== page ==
Thanks for the ride, though. :’)
My name is Emily, and this is my catcall story:
So yesterday was a beautiful, hot spring evening in Toronto, and having just missed my bus, I decided to take the 15 minute walk home from the station, despite having left my iPod at home that morning. It was about 9:00pm, but still quite bright out. I was really enjoying the walk, when about halfway home I passed a truck with it’s windows down. The man sitting in the driver’s seat said, in a leering voice, “hey babe, want a ride home?” Obviously I knew to pay him no mind, so I just continued my walk attempting to ignore him. Luckily, the situation ended there, and the rest of my walk was uneventful, but that one comment got me thinking for the rest of my walk about catcalls and what they’re really all about.
If there’s one thing I know about catcalls and all other forms of unwelcome attention by strange men, is that they have nothing to do with attractiveness. Really. Nothing. What it really is, is a form of power-play, or bullying. Men have been raised in a culture that tells them that in order to show off their masculinity, they must have control over women, and this is seen every day in the fact that men have no qualms about shouting rude, and sometimes not even sexual things at women whenever they please.
My favourite example of this happened to me about a year ago. I was waiting alone at my usual bus stop, wearing a long black trench coat, since I was expecting rain (so essentially my outfit was not revealing). At one point a van passed me, carrying what I imagine was a large group of guys about my age or younger. One boy decided it would be hilarious to shout out “Enjoy your bus ride, bitch!” I heard the rest of them laugh raucously as the van drove off. This all happened in a second, but I was so shocked. I didn’t know these boys, I had never spoken to them before in my life! How could they possibly know what kind of girl I was, let along assume I was a “bitch”. That’s when I realized that it didn’t matter who I was, the point was that I was a girl and therefore inferior to them. That meant that they could say whatever they wanted to me. I was completely dehumanized to them.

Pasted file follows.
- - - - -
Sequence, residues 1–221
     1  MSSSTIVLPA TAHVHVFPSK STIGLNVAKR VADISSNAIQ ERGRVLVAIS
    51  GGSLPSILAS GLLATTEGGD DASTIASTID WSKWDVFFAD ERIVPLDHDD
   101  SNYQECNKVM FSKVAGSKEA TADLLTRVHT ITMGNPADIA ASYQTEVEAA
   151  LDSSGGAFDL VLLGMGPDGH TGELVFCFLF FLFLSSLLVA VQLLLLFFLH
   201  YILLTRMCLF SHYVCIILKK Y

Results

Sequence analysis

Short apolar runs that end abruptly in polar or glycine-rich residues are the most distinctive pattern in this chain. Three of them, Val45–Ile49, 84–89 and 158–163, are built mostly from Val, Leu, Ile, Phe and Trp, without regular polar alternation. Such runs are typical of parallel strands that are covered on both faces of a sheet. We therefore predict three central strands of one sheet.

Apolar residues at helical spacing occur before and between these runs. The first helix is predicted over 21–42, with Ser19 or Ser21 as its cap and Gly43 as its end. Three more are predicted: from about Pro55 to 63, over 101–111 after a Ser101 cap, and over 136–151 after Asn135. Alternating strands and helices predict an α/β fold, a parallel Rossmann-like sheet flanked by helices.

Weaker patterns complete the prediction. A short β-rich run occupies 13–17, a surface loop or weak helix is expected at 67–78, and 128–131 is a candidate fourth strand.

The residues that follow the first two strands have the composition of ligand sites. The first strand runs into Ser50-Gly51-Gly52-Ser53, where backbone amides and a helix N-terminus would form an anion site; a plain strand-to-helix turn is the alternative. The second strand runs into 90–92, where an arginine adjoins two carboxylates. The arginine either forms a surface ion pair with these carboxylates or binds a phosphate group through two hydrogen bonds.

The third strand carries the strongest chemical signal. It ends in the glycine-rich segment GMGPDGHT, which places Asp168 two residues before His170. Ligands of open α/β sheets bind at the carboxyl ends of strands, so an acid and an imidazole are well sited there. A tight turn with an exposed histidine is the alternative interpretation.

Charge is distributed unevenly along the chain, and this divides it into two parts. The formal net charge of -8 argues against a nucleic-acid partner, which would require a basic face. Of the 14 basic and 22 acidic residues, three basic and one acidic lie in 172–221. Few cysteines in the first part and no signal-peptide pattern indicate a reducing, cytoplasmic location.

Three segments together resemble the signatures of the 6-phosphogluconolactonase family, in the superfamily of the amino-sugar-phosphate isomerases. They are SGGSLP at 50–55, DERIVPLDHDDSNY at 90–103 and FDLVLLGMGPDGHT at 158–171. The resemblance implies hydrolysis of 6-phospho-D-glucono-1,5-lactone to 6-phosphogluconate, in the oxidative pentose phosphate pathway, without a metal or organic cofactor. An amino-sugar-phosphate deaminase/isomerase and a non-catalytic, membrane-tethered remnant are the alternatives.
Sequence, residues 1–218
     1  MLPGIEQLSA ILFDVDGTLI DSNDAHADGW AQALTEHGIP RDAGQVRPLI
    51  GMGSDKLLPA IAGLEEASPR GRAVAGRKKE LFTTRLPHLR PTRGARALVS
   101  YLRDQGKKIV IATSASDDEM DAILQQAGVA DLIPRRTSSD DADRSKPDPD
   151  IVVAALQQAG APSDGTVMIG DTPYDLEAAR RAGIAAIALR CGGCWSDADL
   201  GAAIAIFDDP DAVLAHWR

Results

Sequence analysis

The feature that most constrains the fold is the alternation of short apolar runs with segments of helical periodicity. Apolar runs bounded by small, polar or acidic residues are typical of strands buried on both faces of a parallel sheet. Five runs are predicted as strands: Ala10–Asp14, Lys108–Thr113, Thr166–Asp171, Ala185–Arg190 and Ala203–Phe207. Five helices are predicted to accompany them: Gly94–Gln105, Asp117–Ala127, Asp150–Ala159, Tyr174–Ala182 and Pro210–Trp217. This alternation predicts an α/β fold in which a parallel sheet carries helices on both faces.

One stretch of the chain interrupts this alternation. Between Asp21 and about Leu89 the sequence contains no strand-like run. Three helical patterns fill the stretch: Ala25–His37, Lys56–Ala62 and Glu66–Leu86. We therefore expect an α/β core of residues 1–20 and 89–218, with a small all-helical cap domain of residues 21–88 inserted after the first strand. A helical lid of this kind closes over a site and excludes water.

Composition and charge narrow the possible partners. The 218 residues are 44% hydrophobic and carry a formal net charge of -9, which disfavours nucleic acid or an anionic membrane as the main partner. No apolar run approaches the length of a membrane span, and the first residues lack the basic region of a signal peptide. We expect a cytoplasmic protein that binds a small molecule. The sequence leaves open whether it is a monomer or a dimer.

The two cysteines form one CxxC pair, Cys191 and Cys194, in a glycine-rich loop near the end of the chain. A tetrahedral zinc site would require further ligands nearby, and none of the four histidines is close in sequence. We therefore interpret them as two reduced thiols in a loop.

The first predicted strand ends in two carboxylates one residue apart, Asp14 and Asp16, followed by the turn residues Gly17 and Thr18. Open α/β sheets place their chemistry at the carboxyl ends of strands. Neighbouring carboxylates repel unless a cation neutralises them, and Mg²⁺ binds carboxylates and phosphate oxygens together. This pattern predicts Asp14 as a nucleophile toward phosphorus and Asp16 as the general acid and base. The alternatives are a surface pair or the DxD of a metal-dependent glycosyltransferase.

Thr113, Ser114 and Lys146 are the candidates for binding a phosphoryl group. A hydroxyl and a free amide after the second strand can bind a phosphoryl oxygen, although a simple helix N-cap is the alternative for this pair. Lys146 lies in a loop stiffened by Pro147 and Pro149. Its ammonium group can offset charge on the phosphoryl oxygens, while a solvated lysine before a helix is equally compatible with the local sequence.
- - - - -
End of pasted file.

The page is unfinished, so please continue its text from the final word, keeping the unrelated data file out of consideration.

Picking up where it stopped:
Many could argue that this was an isolated incident, which I will admit to, but I have many other experiences with this kind of attention, so I can tell you, this was no fluke. This is how I can with a good conscience, relate “harmless” catcalls on the street, to rape. It is a form of violence that happens because of the dehumanization of women in our culture. Rape doesn’t happen because men are just penises without brains, and they just can’t help themselves around a pretty girl. It happens because these men want to control something in a violent way. (And that’s why women can’t protect themselves from rape by the way they dress, but that’s a whole other story)
Now, I’m not saying that all men are like this 100% of the time, but I do think it’s a major problem that absolutely needs to be addressed. Do you think that man actually thought I would turn around and say “oh yes, thank you, I’d love a ride home, by the way let’s have sex!” Of course not. That wasn’t a pick up line, it was harassment. And this kind of thing needs to stop so that women like me can feel safer walking home on a beautiful spring evening.
This is my call to other bloggers and women out there, to tell your catcall story, and why you think it’s wrong. Maybe, with enough participation, we can bring a little more attention to this issue.
what the fuck are you fucking with me are you actually fucking with me do you want me to kill myself or just reblob this until i die omg
Crazy In the Deep — Adele vs Gnarls Barkley